In an article published in Science Daily on February 28, 2018 by University of California – Irvine, researchers maintained that “the United States could reliably meet about 80 percent of its electricity demand with solar and wind power generation” in the future. Meeting that amount of electricity demand with solar and wind would require, however, our ability to store several weeks’ worth of electricity to meet demands during evening hours or during periods of calm.
“The sun sets, and the wind doesn’t always blow,” noted Steven Davis, UCI associate professor of Earth system science and co-author of a renewable energy study published today in the journal Energy & Environmental Science. “If we want a reliable power system based on these resources, how do we deal with their daily and seasonal changes?”
Researchers maintain that the solution lies in the expansion of our current transmission and storage capabilities, a policy initiative that would requires both legislative leadership and a sizable investment. They estimated that the cost of the new transmission lines required, for example, could be hundreds of billions of dollars. In comparison, storing that much electricity with today’s cheapest batteries would likely cost more than a trillion dollars, although prices are falling. The US commitment to solar not only lacks this kind of financial backing but also leadership at the federal level. There are states that are making progress – like NY – but we lack clear and progressive policy at the top.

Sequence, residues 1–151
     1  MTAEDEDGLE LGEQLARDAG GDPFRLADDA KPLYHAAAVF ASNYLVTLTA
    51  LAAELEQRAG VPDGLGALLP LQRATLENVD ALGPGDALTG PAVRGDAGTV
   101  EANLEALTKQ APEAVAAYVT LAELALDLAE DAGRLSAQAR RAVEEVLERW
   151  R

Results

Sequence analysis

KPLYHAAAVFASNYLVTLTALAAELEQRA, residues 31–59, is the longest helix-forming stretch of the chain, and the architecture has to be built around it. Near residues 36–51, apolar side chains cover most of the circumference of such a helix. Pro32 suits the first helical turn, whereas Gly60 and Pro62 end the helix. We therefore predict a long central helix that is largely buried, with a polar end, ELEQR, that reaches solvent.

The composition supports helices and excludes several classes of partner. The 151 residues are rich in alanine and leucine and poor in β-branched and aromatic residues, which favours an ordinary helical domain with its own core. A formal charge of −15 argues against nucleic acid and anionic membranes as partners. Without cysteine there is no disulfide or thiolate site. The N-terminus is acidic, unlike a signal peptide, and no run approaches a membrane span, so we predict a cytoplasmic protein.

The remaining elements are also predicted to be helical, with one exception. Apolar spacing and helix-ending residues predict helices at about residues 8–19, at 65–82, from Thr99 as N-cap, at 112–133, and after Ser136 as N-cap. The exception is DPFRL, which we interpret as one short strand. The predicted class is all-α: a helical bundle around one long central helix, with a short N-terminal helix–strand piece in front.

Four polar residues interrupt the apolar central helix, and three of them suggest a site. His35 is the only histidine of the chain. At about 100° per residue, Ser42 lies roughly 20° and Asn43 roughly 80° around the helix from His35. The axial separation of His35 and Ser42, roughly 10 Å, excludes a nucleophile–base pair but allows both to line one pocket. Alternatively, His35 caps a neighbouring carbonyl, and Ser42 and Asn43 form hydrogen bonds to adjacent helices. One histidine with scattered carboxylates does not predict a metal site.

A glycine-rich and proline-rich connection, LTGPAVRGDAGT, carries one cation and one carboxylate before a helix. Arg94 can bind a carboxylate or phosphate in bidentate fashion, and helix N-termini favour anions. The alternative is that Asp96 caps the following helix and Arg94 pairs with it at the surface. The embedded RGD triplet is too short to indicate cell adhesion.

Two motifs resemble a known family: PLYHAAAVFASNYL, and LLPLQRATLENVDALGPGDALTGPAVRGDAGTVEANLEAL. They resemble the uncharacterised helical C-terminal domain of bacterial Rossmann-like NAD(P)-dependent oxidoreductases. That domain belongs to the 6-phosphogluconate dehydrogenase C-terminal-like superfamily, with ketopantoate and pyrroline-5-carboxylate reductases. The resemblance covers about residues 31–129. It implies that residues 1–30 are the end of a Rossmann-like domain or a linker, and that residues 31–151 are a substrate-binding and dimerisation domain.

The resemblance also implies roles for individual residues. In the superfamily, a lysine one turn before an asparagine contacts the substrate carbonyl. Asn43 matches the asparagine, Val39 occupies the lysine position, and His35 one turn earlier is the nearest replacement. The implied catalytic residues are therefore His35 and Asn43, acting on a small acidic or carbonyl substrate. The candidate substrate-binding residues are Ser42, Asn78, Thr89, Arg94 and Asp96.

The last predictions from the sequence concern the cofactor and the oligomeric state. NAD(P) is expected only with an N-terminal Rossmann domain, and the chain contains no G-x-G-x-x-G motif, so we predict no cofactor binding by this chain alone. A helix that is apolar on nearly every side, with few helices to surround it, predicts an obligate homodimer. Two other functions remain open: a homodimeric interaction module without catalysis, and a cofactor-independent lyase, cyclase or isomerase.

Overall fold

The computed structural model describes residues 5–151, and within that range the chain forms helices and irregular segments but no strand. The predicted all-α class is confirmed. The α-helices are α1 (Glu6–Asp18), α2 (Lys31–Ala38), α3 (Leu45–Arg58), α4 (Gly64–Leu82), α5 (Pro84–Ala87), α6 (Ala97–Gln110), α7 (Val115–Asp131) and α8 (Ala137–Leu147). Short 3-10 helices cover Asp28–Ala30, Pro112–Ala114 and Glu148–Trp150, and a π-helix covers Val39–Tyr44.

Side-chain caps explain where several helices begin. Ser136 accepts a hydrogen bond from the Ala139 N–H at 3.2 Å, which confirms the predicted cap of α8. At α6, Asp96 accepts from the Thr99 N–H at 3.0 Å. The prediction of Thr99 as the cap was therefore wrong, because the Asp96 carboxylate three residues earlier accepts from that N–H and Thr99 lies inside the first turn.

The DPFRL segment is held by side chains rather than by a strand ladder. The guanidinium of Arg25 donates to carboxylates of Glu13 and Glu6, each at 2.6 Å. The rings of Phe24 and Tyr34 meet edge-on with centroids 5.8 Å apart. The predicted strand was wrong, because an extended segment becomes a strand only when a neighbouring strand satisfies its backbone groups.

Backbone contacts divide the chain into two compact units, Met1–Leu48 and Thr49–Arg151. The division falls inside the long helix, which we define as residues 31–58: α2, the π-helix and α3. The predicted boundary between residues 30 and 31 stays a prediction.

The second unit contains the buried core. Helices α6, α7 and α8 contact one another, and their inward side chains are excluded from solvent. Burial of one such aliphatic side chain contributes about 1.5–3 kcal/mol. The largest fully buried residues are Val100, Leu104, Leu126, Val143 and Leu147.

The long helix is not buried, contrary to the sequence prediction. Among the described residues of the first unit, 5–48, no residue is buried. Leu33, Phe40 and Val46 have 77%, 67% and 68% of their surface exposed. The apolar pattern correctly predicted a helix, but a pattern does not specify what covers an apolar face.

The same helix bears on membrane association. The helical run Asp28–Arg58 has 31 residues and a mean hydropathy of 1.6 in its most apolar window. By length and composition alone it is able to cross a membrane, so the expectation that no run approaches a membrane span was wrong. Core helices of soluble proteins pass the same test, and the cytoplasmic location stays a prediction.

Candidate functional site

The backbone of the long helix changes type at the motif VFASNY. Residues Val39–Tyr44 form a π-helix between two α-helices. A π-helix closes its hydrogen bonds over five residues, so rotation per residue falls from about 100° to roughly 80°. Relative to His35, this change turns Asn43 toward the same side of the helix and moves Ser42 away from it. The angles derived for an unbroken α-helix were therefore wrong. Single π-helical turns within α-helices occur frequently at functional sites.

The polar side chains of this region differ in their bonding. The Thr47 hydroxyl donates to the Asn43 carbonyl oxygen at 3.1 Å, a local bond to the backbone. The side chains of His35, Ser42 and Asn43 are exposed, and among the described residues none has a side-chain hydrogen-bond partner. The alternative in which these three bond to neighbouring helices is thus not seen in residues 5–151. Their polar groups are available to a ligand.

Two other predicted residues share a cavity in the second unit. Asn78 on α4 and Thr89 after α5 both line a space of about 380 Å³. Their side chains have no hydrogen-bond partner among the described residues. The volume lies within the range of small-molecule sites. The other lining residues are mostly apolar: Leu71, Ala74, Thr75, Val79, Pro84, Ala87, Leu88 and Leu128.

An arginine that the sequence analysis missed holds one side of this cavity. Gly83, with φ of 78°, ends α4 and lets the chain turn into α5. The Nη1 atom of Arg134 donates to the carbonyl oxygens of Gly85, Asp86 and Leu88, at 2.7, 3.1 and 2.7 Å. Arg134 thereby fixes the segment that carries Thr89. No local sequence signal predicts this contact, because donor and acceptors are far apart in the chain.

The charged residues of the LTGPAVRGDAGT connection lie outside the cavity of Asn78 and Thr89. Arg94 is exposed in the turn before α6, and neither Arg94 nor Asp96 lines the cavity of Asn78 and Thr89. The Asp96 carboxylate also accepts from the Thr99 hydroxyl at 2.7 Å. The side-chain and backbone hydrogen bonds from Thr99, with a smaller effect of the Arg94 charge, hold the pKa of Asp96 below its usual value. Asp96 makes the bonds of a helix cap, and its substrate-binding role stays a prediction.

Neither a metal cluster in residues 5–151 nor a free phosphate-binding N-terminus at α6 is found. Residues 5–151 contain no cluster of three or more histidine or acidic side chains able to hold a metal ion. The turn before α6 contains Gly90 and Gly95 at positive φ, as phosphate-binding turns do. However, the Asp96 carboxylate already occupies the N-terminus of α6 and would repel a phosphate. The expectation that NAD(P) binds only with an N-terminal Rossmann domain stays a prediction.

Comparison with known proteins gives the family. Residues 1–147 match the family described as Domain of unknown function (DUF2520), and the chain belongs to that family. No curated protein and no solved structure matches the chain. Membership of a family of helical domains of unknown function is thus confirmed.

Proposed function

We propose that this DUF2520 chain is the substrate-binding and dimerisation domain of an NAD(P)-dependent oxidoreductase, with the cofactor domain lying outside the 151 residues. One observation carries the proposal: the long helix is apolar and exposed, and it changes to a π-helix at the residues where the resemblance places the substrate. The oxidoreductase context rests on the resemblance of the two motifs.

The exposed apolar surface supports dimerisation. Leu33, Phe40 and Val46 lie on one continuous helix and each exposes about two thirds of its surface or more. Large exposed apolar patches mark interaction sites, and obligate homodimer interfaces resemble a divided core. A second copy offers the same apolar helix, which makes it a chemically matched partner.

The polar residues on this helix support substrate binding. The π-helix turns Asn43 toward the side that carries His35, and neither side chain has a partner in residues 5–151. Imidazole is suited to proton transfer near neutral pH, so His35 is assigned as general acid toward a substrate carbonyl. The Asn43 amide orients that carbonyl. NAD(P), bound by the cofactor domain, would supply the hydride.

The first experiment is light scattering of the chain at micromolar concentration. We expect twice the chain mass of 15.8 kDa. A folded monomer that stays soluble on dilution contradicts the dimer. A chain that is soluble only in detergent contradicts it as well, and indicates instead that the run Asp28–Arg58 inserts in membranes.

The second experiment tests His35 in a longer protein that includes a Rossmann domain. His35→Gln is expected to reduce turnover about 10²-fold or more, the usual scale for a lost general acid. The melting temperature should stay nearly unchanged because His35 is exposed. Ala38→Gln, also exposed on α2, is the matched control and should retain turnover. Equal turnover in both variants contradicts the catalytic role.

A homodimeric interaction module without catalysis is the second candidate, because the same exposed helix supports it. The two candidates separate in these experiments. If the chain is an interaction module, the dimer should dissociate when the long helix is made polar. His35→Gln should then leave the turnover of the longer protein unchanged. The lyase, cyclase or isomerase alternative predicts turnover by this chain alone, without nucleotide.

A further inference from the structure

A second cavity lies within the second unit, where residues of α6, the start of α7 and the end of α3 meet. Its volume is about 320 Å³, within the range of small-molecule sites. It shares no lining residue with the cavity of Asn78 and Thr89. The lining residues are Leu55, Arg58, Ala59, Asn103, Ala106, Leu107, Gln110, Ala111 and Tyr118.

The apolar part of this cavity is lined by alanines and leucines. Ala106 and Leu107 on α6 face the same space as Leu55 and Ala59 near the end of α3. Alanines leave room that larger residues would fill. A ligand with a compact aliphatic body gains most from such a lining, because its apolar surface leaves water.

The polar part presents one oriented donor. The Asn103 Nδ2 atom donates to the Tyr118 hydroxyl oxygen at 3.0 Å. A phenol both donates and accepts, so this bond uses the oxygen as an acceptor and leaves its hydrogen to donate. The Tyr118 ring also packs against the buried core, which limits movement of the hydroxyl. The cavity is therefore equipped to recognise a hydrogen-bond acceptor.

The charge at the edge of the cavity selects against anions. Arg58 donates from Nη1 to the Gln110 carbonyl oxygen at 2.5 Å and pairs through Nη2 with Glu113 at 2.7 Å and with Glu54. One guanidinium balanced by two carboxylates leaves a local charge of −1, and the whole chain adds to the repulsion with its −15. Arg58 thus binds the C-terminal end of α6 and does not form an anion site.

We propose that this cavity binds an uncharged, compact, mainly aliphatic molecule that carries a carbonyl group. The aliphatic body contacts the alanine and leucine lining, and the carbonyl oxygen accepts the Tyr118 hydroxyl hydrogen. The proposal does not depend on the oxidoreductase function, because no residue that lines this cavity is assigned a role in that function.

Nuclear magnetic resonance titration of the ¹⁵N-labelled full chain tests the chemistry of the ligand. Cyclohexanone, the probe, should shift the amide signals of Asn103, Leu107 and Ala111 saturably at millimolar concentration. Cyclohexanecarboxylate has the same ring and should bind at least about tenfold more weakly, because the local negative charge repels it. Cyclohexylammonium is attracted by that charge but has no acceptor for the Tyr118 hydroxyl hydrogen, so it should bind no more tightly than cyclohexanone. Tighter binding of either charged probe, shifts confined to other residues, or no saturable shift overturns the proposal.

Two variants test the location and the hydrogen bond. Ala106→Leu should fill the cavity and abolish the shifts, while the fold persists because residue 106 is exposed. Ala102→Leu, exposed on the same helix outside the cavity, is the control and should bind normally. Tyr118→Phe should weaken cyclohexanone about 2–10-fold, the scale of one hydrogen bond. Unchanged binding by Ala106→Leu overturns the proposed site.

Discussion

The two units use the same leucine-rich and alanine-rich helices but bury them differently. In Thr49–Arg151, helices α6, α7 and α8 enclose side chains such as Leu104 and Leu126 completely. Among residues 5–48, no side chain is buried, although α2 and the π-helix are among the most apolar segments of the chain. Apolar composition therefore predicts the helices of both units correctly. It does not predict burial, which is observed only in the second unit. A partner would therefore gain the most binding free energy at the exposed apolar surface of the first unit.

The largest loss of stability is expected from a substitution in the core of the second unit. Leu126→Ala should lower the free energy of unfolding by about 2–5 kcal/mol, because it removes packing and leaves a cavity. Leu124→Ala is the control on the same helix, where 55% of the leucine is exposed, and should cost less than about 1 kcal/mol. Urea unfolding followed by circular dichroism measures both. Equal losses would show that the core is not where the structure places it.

But, progress is being made – as evidenced by the leadership being displayed primarily in countries other than the US. On Sunday, March 11, for example, the International Solar Summit in New Delhi met for the first time. Speaking at that meeting, French President Emmanuel Macron announced an additional investment of 700 million euros for global solar energy generation in France by 2022 to reduce the use of fossil fuel and help combat climate change. “The French Development Agency will allocate additional 700 million euros to its commitment to solar energy by 2022,” Macron said. Macron said France was committed to the use of clean energy by generating over 1,000 GW of solar power by 2030, one of the outcomes of the Paris accord.
The French President co-chaired the summit with Prime Minister Narendra Modi of India under the auspices of the UN. India has also made a sizable commitment to expanding its solar energy capabilities. Addressing the heads of 23 nations and 10 ministerial representatives who attended the founding meeting of International Solar Alliance (ISA), Modi called for concessional financing and less-risky funds for solar projects to provide cheaper electricity and cut carbon emissions.
Modi said India will generate 175 gigawatts (GW) of electricity from renewable energy sources by 2022. This will be more than double the present renewable energy capacity and be enough to overtake renewable expansion in the European Union for the first time.
The commitment and vision of both India and France are to be commended. The fact that the International Solar Alliance meets in New Delhi without the US participating is unfortunate. Perhaps that situation will change as the potential of solar becomes clear to those in US leadership positions.